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What is the verbal reasoning section of the 11+? 

Guest blog post by Jonathan Ellis of Atom Learning 
For a 10% discount code for Atom Learning subscription, use code discount code 11PLUSJOURNEY.
For a list of online subscription sites for 11 plus, please click on this.

The verbal reasoning section can definitely cause its fair share of test anxiety. It is designed to test a child’s critical thinking and logic skills, but is not a topic commonly covered in primary school classrooms. As such, it may be the first time your child comes across these styles of questions. 

However, verbal reasoning builds on a lot of the skills covered in the Key Stage 2 English and Maths curriculum. So, some of the building blocks will be there. With a little bit of preparation, a dash of enthusiasm and plenty of practice, your child’s confidence in these questions will grow. 

So, what’s on the verbal reasoning section? I’ve summarised the key sections below.

Words and Wordplay 

What’s on it? These are the questions that will be most familiar to your children. They will test things like synonyms, antonyms, homonyms, anagrams and word puzzles. 

Example question: this video goes over ‘synonyms’ and the type of verbal reasoning synonym questions your child can expect! 

How should I prepare my child? 

Honestly, boosting your child’s vocabulary through plenty of reading outside of school is the best preparation here. I get any students I work with to keep a vocabulary journal of new words they come across. Make sure they review it 2-3 times a week. You can make it fun using online tools like Quizlet / Kahoot. Making sure your child is familiar with prefixes and suffixes is also important to help them define unknown words in the test. 

Patterns and Functions 

What’s on it? 

Okay, these questions can be a bit wild. A lot of these questions are to do with cracking codes in sequences. 

Example question

Which two letter pairs will complete this sequence?

__ ZF WJ SN NR __

The answer: BB, HV 

  • 1st letter rule: the letter moves backwards progressively two places, three places, four places.
  • 2nd letter rule: the letter moves forwards four  places in upper case. 

How should I prepare my child? 

There are four key sequences your child needs to know for these questions – make sure they know them off by heart! You can find a summary of them in this presentation from one of our free live lessons. 

These questions will be quite different from anything they’ve seen in school, so if your child struggles with them it may be worth subscribing to Atom to access our unlimited practice questions. 

Logic 

What’s on it? 

These questions require your child to deduce conclusions from a set of statements. 

Example Question 

Statement one: Some slime is pink. 

Statement two: All slime contains sodium borate.

Which conclusion can we draw from the above statements? 

  1. All slime is pink. 

Wrong – statement one says only ‘some’ slime is pink.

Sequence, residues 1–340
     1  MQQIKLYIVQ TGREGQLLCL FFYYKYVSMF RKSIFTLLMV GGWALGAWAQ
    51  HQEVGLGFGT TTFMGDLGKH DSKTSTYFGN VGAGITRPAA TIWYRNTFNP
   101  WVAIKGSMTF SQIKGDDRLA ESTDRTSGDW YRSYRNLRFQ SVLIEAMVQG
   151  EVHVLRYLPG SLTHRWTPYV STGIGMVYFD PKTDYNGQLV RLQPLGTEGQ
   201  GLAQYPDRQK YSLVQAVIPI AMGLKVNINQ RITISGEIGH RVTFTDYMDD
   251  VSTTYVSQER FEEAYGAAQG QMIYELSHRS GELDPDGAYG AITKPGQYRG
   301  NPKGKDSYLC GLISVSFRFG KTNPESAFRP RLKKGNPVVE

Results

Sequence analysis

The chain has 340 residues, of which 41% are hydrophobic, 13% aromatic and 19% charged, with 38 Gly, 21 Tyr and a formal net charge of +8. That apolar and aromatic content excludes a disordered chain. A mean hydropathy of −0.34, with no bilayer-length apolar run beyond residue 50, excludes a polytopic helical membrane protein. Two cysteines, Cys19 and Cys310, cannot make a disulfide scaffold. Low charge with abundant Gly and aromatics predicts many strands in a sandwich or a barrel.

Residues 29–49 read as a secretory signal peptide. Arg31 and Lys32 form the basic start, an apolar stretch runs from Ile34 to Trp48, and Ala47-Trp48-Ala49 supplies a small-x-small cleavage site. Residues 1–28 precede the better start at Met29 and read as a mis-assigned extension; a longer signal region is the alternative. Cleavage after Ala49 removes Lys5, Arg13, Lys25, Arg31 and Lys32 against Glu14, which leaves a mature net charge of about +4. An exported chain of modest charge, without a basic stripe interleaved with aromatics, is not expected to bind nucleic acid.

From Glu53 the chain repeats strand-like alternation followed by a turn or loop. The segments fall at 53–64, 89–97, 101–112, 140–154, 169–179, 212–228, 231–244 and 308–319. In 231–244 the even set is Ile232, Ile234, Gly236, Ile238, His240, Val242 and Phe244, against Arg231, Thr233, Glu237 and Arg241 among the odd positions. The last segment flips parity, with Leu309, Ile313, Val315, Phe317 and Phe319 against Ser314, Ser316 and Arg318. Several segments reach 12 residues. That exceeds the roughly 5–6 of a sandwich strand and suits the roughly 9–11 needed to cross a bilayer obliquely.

1. Slime often contains sodium borate. 

Wrong – statement two says ‘all’ slime contains sodium borate. 

  1. Slime can be purple. 

Wrong – neither statement mentions purple slime. Your child can only use the statements to work out the answer, even if they know slime can be purple! 

  1. Slime is never blue. 

Wrong – again, none of the statements mention blue slime. 

  1. Slime can come in pink.  

Correct – bingo! Statement one says ‘some’ slime is pink; this means slime can indeed come in pink. This is the only conclusion we can prove using the two statements. 

How should I prepare my child? 

These questions can even make my brain hurt, but the best thing to teach your child is to read critically. I know this sounds a bit nebulous – but teach them to look out for words like ‘always’ and ‘never’. These are absolute terms: does the statement really always apply? Can we prove that using the statements we are given? 

Numbers 

What’s on it? 

In these questions, letters are used to replace numbers. Your child will need to work out which numbers represent the different letters and then calculate the answer. 

Example Question 

 v = 13, w = 7, r = 8, y = 15, and z = 6. Which letter balances the below equation? 

(y – r) x z= z2 + ?

Solution:

(15 – 8) x 6 = 62 + ? 

7 x 6 = 36 + ? 

42 = 36 + ? 

6 = ? = z

How should I prepare my child? 

Your child should be pretty well prepared for these question types, as they build on a lot of key topics from the Key Stage 2 national curriculum (BIDMAS, operations, etc). If your child is applying to a particularly selective school, I would advise making sure they are comfortable with algebra as these can be key differentiator questions. 

Next Steps: 

  • If you are teaching your child verbal reasoning for the first time, I would encourage you to sign up for Atom’s free 5 day trial and have a go at one of our unlimited Verbal Reasoning Mock Tests. 
  • The data you get from the tests should help you identify your child’s strengths and weaknesses. 
  • If your child enjoyed using Atom and you like the data you get, consider signing up to help with 11+ prep. This code will give you 10% off: 11PLUSJOURNEY and if you decide to take yearly subscription, it will give you an additional 20% off. 

I’m an online teacher with Atom learning and have 5+ years experience in  education. Want to get in touch? Feel free to reach out to me via email or on LinkedIn

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